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A Japanese-style recession but without the wealth

Although Bulent Ecevit’s ruling coalition has signed up to an impressive programme of reforms, it will be years before they will be implemented or show their full effect. Meanwhile, with the banking bubble burst, Turkish companies find themselves bereft of capital. Rescue money from the IMF will mainly go towards paying off foreign debt.

Bulent Ecevit

Turkey's political and economic environment has been calm since February 2001 when a massive, unexpected devaluation caused the Turkish lira to lose 69% of its value over the rest of the year. But the lull results from incidental rather than fundamental changes.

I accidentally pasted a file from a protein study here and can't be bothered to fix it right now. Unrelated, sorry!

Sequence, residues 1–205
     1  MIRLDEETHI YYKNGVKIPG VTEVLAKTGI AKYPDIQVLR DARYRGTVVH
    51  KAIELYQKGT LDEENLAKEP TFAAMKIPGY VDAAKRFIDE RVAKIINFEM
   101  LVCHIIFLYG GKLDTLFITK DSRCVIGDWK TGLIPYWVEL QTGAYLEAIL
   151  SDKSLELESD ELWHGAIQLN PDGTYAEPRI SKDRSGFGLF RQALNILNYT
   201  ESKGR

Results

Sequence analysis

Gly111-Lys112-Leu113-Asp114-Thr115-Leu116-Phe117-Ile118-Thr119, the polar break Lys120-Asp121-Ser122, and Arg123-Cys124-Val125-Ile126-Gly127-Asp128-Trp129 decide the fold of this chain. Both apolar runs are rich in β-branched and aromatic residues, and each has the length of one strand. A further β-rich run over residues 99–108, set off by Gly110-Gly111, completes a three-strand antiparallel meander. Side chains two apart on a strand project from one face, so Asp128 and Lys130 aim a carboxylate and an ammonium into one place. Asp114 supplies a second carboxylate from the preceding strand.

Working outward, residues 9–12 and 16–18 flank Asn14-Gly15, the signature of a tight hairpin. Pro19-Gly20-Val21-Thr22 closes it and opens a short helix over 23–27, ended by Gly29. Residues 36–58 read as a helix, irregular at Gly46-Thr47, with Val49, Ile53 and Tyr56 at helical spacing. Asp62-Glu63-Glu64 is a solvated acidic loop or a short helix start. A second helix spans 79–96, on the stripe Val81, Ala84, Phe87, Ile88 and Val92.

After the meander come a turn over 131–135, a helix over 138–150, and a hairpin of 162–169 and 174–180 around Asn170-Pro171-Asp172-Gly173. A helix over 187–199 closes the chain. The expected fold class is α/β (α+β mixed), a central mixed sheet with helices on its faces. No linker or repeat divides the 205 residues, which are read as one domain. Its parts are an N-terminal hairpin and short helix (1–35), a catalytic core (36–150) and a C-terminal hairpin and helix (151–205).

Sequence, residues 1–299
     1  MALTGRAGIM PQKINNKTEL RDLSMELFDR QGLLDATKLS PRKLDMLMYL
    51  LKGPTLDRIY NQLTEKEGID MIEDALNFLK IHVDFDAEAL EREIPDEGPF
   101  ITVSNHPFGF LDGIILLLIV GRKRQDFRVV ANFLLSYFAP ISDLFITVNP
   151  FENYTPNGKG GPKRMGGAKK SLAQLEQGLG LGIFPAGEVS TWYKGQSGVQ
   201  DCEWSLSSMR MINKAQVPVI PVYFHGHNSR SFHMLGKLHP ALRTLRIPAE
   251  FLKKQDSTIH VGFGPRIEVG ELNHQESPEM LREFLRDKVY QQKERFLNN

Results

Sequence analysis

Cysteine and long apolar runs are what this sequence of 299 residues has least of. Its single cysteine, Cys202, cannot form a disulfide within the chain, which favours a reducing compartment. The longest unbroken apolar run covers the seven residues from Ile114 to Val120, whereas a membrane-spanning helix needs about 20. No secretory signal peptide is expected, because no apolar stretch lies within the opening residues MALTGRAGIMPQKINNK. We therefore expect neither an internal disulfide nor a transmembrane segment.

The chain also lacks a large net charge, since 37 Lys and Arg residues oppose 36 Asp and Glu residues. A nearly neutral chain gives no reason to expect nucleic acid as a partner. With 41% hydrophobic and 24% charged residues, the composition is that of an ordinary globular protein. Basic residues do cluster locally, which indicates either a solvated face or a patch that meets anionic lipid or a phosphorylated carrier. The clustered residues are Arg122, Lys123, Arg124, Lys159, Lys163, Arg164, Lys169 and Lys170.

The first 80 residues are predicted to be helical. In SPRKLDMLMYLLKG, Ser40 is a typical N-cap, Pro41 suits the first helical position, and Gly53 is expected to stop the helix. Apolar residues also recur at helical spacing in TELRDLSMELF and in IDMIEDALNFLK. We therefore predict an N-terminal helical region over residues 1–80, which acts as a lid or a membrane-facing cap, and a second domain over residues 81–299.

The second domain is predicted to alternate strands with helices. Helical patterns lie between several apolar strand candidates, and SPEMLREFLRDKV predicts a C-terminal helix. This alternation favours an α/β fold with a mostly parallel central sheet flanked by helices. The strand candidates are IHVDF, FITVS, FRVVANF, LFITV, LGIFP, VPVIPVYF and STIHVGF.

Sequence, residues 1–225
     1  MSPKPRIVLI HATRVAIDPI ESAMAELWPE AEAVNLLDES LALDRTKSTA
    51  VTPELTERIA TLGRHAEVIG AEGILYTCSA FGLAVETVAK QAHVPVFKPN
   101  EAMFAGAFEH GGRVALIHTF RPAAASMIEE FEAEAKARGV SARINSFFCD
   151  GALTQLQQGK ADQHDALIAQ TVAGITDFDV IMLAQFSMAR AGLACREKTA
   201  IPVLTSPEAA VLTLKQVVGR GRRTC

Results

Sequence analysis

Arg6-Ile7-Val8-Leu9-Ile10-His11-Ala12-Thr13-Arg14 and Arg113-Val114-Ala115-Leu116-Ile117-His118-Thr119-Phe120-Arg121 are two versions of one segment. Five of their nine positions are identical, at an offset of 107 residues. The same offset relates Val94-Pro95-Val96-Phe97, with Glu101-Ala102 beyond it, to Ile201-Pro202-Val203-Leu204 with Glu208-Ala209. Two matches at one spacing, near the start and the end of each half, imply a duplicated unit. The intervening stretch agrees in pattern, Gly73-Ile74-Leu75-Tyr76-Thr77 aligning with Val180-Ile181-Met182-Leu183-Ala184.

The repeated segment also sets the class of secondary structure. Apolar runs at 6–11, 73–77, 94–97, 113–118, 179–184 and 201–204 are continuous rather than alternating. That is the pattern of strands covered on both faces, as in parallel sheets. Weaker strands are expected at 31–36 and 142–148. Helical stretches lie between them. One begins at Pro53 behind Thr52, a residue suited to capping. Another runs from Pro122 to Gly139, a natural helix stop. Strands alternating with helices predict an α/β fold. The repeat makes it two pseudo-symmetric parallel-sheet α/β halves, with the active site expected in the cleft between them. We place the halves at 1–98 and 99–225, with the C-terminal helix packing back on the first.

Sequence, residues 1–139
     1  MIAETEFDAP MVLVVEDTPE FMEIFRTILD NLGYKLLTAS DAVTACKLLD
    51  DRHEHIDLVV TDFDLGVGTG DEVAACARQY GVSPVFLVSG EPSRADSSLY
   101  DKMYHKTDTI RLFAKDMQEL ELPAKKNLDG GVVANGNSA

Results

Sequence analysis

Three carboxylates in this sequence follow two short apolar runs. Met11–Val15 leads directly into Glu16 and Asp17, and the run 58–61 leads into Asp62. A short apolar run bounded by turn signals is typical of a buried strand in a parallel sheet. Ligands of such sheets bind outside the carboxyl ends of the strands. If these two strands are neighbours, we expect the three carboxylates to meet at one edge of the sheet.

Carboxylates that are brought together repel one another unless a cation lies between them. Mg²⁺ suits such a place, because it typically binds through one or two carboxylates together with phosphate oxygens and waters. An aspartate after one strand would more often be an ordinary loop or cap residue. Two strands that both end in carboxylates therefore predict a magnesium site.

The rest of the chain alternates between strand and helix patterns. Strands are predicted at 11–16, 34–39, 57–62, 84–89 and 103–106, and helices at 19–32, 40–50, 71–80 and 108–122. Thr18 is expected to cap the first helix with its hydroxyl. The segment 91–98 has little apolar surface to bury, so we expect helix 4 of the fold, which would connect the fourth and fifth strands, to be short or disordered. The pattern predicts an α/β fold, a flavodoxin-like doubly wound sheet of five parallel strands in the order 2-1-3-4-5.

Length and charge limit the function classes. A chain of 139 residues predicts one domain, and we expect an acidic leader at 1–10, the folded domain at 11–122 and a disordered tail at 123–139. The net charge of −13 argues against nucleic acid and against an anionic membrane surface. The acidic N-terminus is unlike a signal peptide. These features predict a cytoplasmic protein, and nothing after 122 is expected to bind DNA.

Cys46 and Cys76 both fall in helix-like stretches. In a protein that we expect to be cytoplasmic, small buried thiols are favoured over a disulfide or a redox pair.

The IMF, for which Turkey is now the biggest loan customer, has signed a new $16 billion cheque for 2002-04. This has averted an almost certain debt default. But what happens next year and the year after that?

Turkey seems to be stuck in a Japan-style no-growth recession. But Japan is swimming in wealth and its recession is a result of its political establishment's inability to make reforms. Turkey is swimming in poverty but has been on an unprecedented reform binge since 1999.

Bulent Ecevit, the 77-year-old prime minister, who has been a prominent figure since the late 1950s, is no reformer.

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